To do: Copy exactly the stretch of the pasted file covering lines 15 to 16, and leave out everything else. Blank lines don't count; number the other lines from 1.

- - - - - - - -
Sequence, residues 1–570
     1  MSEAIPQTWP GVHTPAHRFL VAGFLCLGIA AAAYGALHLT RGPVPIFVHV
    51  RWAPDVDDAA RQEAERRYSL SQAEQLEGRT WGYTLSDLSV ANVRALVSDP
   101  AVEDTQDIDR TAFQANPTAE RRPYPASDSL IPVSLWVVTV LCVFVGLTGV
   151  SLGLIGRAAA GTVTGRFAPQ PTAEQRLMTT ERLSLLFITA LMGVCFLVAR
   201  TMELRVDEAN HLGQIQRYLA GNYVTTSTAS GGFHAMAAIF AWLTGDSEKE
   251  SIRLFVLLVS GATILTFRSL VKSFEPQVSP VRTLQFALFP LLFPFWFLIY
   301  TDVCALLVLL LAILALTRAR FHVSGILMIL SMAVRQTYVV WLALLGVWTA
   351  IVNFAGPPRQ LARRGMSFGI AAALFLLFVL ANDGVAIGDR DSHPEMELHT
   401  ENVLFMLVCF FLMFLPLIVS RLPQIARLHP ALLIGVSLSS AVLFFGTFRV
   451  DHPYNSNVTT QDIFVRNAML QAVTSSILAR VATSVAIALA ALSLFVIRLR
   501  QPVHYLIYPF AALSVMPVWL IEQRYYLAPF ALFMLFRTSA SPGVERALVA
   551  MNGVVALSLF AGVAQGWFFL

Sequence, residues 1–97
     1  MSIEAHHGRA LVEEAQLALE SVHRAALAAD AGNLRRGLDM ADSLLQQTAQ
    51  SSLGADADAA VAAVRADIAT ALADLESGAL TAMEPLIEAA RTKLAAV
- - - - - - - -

     1  MSIEAHHGRA LVEEAQLALE SVHRAALAAD AGNLRRGLDM ADSLLQQTAQ
    51  SSLGADADAA VAAVRADIAT ALADLESGAL TAMEPLIEAA RTKLAAV